SL: Until recently, research universities were not part of the workforce development conversation. Community colleges and polytechnics have been engaged in the development of essential skills and skilled trades’ workforce development, but universities in Alberta have not been directly involved in this work. That was a big gap.

The government of Alberta is committed to diversifying our economy. A key pillar of the diversification plan is building a tech ecosystem filled with a variety of technology-based businesses. As we all know, the digital technology space is evolving quickly. New research and new applications for that new knowledge falls right in the center of the university agenda. In the new world of work, where technology affects everything we do, I saw a clear opportunity for universities to become key contributors to strategic workforce development.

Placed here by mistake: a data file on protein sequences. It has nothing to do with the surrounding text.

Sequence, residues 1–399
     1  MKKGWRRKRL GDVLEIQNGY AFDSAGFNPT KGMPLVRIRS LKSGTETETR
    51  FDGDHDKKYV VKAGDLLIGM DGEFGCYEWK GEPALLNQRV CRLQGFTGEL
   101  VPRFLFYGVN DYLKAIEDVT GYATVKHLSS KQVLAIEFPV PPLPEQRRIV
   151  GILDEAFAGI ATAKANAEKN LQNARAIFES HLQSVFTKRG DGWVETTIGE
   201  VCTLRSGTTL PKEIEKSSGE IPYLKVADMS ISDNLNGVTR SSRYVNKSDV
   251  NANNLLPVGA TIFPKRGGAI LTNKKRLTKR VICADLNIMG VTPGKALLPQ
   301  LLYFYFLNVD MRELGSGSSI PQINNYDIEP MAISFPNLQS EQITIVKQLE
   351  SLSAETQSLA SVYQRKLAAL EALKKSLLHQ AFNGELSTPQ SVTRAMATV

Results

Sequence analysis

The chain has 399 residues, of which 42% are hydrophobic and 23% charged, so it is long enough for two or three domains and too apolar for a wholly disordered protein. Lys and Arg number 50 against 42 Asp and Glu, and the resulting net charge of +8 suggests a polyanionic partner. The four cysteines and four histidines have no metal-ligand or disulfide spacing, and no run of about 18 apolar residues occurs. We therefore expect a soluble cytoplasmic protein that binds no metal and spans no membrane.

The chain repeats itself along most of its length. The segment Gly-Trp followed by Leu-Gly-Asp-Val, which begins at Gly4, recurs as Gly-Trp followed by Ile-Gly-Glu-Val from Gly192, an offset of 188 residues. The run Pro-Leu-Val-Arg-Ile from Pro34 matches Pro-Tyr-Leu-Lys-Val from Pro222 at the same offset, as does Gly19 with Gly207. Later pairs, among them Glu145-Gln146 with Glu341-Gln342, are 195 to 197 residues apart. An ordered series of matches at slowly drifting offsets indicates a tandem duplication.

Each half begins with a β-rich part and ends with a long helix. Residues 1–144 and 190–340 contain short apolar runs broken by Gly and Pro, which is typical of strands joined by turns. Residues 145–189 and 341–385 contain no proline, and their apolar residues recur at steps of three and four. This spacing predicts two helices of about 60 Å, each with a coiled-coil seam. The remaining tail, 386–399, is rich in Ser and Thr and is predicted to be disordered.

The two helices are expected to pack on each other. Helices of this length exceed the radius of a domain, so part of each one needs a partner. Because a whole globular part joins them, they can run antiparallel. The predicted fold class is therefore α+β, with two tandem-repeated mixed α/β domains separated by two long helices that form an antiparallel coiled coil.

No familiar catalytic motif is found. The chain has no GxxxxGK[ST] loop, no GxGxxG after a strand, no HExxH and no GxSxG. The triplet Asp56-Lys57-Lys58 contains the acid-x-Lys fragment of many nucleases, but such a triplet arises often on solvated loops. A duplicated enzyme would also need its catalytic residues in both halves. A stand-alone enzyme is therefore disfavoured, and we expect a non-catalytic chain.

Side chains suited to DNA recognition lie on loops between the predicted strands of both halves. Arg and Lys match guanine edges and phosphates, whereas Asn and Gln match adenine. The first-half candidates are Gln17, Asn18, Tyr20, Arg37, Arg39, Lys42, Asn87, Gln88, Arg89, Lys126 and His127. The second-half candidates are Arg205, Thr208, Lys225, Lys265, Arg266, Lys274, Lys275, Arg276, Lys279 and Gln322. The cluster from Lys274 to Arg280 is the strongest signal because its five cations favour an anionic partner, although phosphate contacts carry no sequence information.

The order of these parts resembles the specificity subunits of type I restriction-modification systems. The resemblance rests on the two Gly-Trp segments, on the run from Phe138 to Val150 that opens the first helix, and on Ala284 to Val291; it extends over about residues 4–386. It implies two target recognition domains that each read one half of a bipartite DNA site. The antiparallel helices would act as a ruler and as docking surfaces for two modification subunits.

However, our university executive leaders are typically focused on how to acquire more ongoing government base funding for credit programs, not how to provide short-cycle technical training programs to a broad range of non-traditional learners. Fortunately, the Alberta government pulled together an advisory council on developing tech talent comprised of key tech employers, postsecondary representatives and government officials. Our senior leadership and government officials quickly learned that employers value short-cycle, competency-based skills programs to complement the knowledge gained in traditional degree programs.